For the past 25 years, I’ve worked as a psychoanalyst. What follows is an episode drawn from day-to-day practice. While I’ve altered some details in the interest of confidentiality, I’ve stayed close to the facts: this story is true.
Philip came to see me for an interview one April, some years ago now. His doctor had decided to refer him after bumping into Philip’s wife at a local bookstore. She’d taken his hand, holding back tears. Would it be a good idea, she’d wondered, for them to discuss the remaining treatment options for Philip’s lung cancer?
During his first meeting with me, Philip (who was perfectly healthy, as his GP had told me) listed some of the lies he’d recently told. At a school fund-raiser, he’d told his daughter’s music teacher that he was the son of a famous composer – a man who was widely known to be unmarried and gay. Just before that, he’d told his father-in- law, a sports journalist, that he’d once been selected as a reserve for the UK men’s archery team.
The first lie he could remember telling was to a classmate. When Philip was 11 or 12, he’d insisted that he’d been recruited by MI5 to train as an agent. He described his headmaster’s admonishment: “For goodness’ sake – if you’re going to lie, at least do a better job of it.”
The headmaster was right, Philip was a dreadful liar. While each lie seemed tailored to wow the listener, they were also pointlessly excessive – wildly risky. “You don’t seem to worry about people thinking you’re a liar,” I told him. He shrugged.
He told me that his listeners rarely challenged him. His wife did not confront him about his miraculous recovery, just as she seemed to accept the news of his cancer. Others, like his father-in-law, were almost certainly more sceptical, but also remained silent. When I asked him about the effect his lying had on his career – he worked as a television producer – he told me that everyone in the industry lied: “It’s part of the skill set.”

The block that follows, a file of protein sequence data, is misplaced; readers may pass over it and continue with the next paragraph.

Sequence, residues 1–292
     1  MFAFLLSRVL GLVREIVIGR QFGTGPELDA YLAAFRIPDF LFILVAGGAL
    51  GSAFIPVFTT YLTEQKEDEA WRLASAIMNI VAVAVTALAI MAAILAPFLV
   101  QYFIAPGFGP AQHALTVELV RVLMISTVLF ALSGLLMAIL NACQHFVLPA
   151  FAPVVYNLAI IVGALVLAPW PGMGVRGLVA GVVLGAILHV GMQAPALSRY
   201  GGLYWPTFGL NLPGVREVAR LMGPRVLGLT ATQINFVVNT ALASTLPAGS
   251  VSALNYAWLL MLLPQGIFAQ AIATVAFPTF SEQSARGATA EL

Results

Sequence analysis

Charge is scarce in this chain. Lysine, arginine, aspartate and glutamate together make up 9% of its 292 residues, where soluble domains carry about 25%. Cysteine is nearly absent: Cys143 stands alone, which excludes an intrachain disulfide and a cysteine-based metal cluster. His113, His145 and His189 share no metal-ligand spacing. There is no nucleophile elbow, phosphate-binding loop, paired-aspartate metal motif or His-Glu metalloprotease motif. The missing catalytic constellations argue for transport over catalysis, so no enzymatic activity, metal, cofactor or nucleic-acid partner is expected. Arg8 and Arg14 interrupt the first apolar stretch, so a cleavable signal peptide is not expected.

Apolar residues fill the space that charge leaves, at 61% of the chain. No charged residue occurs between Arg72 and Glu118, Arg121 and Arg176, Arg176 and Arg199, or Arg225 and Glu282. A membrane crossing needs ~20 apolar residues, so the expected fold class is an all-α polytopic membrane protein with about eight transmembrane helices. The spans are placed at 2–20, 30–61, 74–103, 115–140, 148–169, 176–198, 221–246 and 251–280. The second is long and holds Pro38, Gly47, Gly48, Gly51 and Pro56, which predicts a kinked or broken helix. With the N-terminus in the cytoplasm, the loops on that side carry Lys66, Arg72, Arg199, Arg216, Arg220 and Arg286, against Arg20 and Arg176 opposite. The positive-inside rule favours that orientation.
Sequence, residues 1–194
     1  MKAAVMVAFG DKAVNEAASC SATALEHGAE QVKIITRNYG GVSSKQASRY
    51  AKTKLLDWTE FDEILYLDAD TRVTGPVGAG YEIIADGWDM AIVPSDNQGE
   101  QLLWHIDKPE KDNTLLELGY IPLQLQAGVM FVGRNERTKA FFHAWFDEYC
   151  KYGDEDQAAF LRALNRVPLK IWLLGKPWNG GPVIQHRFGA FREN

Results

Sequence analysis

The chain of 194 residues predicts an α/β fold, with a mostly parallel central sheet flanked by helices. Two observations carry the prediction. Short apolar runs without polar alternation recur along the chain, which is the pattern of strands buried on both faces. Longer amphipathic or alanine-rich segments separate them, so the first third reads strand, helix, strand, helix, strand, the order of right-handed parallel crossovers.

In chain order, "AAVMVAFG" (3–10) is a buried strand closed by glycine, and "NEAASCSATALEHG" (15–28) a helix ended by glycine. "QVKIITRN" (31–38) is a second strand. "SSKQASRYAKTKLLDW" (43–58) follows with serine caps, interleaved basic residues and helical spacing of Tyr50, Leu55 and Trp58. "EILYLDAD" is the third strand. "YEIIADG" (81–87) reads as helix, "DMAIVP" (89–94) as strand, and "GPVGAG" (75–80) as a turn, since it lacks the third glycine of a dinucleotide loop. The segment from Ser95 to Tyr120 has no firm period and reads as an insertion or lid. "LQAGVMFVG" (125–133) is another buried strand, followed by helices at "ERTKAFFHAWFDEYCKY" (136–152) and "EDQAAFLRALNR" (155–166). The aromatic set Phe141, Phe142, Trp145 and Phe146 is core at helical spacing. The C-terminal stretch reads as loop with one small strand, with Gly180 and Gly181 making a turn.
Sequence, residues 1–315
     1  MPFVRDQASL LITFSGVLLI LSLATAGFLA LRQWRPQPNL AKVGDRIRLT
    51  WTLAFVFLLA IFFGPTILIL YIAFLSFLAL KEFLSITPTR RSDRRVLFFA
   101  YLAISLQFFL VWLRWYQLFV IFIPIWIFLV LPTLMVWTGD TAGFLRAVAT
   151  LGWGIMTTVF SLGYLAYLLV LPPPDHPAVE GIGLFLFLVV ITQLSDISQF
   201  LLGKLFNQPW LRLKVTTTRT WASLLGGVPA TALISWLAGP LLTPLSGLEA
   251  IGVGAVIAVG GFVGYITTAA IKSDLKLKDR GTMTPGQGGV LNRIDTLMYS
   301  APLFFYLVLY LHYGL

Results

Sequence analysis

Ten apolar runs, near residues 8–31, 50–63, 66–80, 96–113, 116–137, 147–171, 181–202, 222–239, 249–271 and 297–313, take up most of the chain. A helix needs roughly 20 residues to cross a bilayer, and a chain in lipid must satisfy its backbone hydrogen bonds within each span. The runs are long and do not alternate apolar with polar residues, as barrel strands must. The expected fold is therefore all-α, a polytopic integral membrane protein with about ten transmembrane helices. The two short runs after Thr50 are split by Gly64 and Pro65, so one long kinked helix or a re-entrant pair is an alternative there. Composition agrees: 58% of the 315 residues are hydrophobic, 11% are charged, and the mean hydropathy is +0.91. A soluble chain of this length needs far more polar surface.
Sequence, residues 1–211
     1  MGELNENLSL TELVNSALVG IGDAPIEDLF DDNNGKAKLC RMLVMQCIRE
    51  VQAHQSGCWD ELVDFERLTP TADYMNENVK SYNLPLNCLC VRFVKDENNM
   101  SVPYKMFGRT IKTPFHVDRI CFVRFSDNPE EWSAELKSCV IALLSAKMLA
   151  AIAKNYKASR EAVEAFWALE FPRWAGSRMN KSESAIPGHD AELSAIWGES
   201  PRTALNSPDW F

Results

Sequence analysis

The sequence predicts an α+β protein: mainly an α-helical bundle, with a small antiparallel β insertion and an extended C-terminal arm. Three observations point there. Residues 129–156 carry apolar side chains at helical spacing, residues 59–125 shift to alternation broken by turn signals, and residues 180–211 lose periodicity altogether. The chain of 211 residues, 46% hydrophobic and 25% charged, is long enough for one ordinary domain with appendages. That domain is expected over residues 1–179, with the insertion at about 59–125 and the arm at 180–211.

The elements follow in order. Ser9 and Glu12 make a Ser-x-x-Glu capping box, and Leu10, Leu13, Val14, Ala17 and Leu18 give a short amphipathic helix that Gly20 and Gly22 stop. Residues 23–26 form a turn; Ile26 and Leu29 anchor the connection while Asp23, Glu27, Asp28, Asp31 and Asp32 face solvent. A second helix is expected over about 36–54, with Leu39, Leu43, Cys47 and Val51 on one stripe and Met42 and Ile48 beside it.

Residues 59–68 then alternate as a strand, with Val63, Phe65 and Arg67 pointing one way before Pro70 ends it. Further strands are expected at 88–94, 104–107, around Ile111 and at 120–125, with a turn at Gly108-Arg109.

Throughout the consultation I was struck by Philip’s frankness. But I knew that if he was to be himself with me – if he was to bring all of himself into our work – he would, at some point, lie to me. It happened soon enough. A month into treatment, he stopped paying his bill. He told me that he’d misplaced his chequebook, but that he would settle his account as soon as he found it. The next month he told me that he had donated his month’s salary to the Freud Museum.
After five months of tall tales, I had to inform him that we would stop at the end of that month unless he settled his debt. Just as he was about to leave what was to have been our final session, he took a cheque from his pocket and handed it to me. I was relieved to be paid but uncertain about what had happened between us. Philip had told increasingly blatant lies and I’d become increasingly withdrawn – more guarded when I spoke. He was, I now realised, expert in tying his listener up in the social convention that we meet lies with polite silence. But why – what possible psychological purpose could his behaviour serve?
We wrestled with this question for the next year of his treatment. We explored the idea that his lying was a way of controlling others, or compensating for a sense of inferiority. We talked about his parents – his father was a surgeon and his mother had been a schoolteacher until her death, just before Philip’s 12th birthday.
And then, one day, Philip described a memory from childhood, which had seemed too trivial to mention until then. From the age of three, he used to share a bedroom with his twin brothers, who slept in cots nearby. He sometimes woke in the middle of the night to the sounds of people shouting as they left the pub across the road. He was often aware of a need to pee, and knew that he should get up and walk down the hall, but he would stay in bed, motionless.
“I used to wet my bed as a child,” Philip told me. He described crumpling up his damp pyjamas and pushing them deep into the covers, only to find them at bedtime under his pillow, washed and neatly folded. He never discussed it with his mother and, to the best of his knowledge, she never told anyone, including his father, about his bedwetting. “He’d have been furious with me,” Philip said. “I guess she thought I’d outgrow it. And I did, when she died.”
Philip could not remember being alone with his mother. For most of his childhood she had been busy taking care of the twins. He had no memory of ever talking with her on his own; one of his brothers or his father – someone – was always there. His bedwetting and her silence gradually developed into a private conversation – something only they shared. When his mother died, this conversation abruptly came to an end.
And so Philip began to improvise another version of their exchange. He told lies that would make a mess, and then hoped, irrationally, that his listener would say nothing, becoming, like his mother, a partner in a secret world. Philip’s lying was not an attack upon intimacy – though it sometimes had that effect. It was his way of keeping the closeness he had known, his way of holding on to his mother.